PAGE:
|GCSE and A Level results 2016|
The government has changed the way that it judges the performance of schools. It no longer uses the percentage of students who have gained five A*-C grades but four other measures.
1. A “Progress 8” score. This shows how well students have progressed in the school since they came in from their primary school. A positive score is good. For example, a score of 0.5 would mean that, taken together, each student in each subject did half a grade better than the average of all schools.
Kingsbury High progress 8 score 2016: + 0.36
Kingsbury High percentile rank 2016: 15th. This means our students made better progress than in 85% of schools throughout the country. 14% of schools did better than us. This is an excellent performance.
2. An “Attainment 8” score. This is the average grade obtained by all of the students in all of the subjects.
Kingsbury High Attainment 8 score 2016: 52.8, equivalent to an average grade of between grades B and C
3. The percentage of pupils who achieved grade C and above in both of English and Maths.
Kingsbury High percentage: 65%
4. The percentage of students who achieved the English Baccalaureate. This means those students who have gained grades A* - C in English, Maths, at least two Sciences, a foreign language and either history or geography. We would emphasise that we do not make it a requirement that students study this particular combination.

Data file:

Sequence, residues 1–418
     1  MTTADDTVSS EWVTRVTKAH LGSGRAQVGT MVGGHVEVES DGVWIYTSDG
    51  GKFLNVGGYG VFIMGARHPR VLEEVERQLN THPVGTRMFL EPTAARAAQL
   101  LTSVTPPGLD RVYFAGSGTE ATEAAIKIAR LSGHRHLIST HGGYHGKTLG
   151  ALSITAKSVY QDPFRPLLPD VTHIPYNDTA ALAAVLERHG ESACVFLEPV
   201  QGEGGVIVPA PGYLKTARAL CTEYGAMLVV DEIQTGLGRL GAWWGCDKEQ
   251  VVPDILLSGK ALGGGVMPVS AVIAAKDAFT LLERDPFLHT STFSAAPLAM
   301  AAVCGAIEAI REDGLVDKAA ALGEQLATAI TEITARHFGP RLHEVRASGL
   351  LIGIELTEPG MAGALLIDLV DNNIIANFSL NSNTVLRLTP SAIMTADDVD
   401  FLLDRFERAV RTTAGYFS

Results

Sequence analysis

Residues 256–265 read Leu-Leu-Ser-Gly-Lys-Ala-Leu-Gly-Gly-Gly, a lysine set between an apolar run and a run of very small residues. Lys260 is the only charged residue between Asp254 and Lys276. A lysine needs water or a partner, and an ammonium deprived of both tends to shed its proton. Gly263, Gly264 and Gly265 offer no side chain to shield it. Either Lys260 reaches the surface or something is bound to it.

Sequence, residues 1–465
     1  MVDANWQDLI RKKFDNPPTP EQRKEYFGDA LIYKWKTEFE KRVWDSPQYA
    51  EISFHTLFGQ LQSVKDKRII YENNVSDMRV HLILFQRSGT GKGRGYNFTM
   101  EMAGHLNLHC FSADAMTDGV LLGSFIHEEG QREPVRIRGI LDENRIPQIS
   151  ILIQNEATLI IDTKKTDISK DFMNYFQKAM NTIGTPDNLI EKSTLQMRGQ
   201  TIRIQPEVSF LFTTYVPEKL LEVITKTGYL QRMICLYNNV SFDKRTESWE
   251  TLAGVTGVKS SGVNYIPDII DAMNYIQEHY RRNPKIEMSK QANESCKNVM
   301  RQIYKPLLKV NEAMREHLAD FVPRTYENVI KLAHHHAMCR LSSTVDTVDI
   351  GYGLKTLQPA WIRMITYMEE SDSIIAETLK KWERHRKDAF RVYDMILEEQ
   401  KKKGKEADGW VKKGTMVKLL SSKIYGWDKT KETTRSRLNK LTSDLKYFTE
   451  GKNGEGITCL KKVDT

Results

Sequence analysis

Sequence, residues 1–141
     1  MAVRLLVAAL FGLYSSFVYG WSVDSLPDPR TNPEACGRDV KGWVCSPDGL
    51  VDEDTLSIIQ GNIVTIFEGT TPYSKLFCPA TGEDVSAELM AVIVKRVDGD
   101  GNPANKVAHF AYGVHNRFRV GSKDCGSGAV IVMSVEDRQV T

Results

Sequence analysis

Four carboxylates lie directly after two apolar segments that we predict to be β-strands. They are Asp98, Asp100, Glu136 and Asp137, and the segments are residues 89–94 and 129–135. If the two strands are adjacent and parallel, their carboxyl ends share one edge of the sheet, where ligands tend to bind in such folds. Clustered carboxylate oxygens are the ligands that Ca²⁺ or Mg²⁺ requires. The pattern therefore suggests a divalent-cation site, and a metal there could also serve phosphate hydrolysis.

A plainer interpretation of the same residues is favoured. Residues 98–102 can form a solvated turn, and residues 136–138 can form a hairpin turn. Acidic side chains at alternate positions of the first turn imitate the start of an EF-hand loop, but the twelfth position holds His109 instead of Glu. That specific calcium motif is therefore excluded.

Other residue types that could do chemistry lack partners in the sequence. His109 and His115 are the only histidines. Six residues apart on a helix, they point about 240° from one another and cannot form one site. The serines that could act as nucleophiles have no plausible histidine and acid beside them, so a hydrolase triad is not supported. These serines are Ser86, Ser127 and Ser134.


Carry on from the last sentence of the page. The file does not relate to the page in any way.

Kingsbury High percentage: 37%
A level results 2016
1. In the most recent A level results, 55% of all subjects taken were graded at A*, A and B. We consistently average in excess of 50% on this figure, with a high of 61%.
2. The average grade achieved, taking all students and subjects into account was C-
3. Eight students retook English GCSE in the sixth form: they made on average a one grade improvement on their GCSE grades.
Twenty students retook Maths GCSE in the sixth form: they made on average a 0.7 grade improvement on their GCSE grades.
4. Along with most schools we subscribe to a service called ALPS (A Level Performance System) which grades each school according to how well its students have progressed compared with schools nationally.
Our ALPS grade this year was 2 - the second highest of nine grades. This is considered by ALPS to represent outstanding progress.
The government's own value-added score for the school is + 0.32. This means that our students, on average, progressed one third of a grade more between GCSE and A level compared with the progress made by students nationally.
5. Retention: the proportion of students who reached the end of their programme of study: academic courses: 98%; applied and technical courses: 79%.
6. Destinations: the percentage of students who continue in education or move to training or employment: information awaited